The legalisation of assisted dying in Canada may start a chain of events that will culminate in the premature death of non-terminally ill psychiatric patients who are already vulnerable, experts argued.

The country has recently seen the passing of a bill that allows physician-assisted dying for patients with “grievous and irremediable” illness. However, there is no clear definition as to what constitutes this criterion.

Bill C-14 restricts “grievous and irremediable” to terminally ill patients for whom “natural death has become reasonably foreseeable.” On the other hand, the Parliamentary Special Joint Committee on Physician-Assisted Dying proposed inclusion of patients with non-terminal medical conditions such as psychiatric disorders.

“There is a gap between the idealised basis upon which medical assistance in dying is advocated for patients with psychiatric conditions and the reality of its practice,” said Drs. Scott Kim and Trudo Lemmens in a commentary published recently in Canadian Medical Association Journal. Scott is a physician and bioethicist at the National Institutes of Health, while Lemmens is a professor at the University of Toronto Faculty of Law & the Dalla Lana School of Public Health.

Although discourses concerning eligibility among psychiatric patients limit access to physician-assisted dying for those with severe refractory depression, real world evidence suggests that this is not the case, they said.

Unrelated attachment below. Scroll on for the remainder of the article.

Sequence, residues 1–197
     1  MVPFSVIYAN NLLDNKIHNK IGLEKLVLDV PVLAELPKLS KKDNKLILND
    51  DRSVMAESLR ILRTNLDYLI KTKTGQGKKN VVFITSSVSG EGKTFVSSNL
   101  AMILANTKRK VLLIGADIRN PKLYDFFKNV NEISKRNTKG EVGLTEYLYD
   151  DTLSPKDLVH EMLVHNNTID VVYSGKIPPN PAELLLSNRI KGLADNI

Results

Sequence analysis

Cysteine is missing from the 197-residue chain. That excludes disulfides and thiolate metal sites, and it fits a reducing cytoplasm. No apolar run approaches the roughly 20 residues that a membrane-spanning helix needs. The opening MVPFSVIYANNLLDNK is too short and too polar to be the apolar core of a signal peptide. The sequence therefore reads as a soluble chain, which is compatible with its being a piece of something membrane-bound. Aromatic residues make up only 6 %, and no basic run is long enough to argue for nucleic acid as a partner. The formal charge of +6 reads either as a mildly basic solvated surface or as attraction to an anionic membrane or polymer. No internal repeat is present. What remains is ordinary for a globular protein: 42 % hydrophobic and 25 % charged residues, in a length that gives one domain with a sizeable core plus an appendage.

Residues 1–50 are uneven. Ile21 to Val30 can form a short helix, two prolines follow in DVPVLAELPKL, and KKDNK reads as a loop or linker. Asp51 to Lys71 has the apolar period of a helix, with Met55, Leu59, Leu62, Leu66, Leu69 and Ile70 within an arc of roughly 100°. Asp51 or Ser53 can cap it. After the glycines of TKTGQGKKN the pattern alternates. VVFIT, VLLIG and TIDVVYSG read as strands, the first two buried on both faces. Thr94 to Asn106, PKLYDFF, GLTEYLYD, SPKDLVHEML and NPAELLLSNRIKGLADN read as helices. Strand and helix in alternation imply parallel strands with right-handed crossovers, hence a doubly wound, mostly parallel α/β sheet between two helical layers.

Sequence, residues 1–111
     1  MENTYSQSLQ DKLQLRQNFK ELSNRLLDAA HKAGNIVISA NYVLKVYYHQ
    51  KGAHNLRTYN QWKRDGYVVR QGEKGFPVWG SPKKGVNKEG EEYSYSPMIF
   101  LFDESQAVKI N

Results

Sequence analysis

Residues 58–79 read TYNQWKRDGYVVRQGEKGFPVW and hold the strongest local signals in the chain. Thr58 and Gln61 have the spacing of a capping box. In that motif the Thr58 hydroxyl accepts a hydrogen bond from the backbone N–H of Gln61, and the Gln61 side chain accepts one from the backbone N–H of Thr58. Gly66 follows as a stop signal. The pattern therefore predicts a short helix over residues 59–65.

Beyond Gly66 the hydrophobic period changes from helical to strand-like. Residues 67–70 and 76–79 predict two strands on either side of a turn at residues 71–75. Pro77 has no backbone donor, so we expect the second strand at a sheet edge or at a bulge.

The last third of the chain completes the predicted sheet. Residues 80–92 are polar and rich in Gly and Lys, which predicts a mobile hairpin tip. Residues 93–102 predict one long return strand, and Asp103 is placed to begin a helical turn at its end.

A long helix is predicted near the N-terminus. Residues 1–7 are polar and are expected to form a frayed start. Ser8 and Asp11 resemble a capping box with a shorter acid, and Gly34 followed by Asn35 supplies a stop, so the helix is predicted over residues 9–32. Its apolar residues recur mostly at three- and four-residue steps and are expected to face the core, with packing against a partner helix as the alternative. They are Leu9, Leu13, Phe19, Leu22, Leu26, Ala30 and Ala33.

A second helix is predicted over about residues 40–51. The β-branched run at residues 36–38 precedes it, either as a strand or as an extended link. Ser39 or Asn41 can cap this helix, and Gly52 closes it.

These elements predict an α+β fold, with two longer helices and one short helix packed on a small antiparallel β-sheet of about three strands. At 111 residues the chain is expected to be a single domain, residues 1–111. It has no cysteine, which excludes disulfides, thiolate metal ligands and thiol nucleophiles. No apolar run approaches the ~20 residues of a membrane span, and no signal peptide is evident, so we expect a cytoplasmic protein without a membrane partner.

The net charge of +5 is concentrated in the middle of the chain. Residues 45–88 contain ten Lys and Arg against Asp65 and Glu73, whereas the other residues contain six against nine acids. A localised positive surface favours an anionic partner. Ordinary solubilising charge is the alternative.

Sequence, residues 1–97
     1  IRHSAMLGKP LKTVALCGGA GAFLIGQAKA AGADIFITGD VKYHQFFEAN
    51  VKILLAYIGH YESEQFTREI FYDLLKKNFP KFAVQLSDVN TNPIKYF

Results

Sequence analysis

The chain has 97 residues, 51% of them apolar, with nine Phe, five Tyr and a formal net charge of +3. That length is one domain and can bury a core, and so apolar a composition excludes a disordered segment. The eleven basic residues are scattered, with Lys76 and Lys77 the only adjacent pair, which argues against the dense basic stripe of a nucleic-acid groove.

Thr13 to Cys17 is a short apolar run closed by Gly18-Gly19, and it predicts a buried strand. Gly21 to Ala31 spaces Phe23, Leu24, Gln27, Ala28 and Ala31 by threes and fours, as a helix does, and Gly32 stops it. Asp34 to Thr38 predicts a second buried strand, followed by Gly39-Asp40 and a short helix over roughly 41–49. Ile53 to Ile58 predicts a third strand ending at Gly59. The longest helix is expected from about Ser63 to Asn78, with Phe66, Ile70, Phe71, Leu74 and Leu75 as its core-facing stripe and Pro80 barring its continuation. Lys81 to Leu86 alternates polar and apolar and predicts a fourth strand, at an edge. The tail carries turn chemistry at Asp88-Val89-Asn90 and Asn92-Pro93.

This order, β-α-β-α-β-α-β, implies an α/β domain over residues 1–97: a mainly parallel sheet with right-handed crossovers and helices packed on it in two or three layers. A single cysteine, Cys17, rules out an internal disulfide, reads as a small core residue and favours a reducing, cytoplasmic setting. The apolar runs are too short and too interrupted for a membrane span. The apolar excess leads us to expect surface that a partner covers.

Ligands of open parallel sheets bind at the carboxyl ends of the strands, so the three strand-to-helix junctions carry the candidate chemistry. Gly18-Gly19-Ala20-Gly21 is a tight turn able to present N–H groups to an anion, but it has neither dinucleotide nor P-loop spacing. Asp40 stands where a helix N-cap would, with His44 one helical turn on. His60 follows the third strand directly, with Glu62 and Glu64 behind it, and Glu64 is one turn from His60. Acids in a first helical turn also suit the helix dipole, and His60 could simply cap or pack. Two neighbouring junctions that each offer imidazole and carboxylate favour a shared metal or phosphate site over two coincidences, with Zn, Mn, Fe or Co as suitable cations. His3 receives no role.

In Belgium and the Netherlands, where assisted dying is legal, physicians extend medical assistance to patients with posttraumatic stress disorder, chronic schizophrenia, autism, personality disorders, severe eating disorders, and prolonged grief in some cases, they noted.

“A policy for access to assisted dying by non-terminally ill patients with psychiatric conditions will put many vulnerable and stigmatised people at risk,” they said.

They questioned the assumption that physicians always make accurate eligibility evaluations and that no ineligible patient may receive assisted dying. This was in consideration with the findings of Belgian and Dutch euthanasia review bodies that physicians almost never breach the due care criteria, with failure to meet the criteria only occurring in 1 out of more than 10,000 recorded euthanasia cases.

In a recent survey of 1,517 Canadians, less than a quarter of respondents or 22 percent supported legalisation of assisted dying for psychological conditions. In a similar survey in the Netherlands, 1 out of 3 healthcare professionals and 28 percent of the public gave their approval.

"Perhaps those who advocate for extending access to people with psychiatric disorders may be willing to tolerate a number of potentially avoidable premature deaths as acceptable because access to assisted dying is felt to be so important in principle. However, that argument must be made explicit and debated publicly," Scott and Lemmens said. MIMS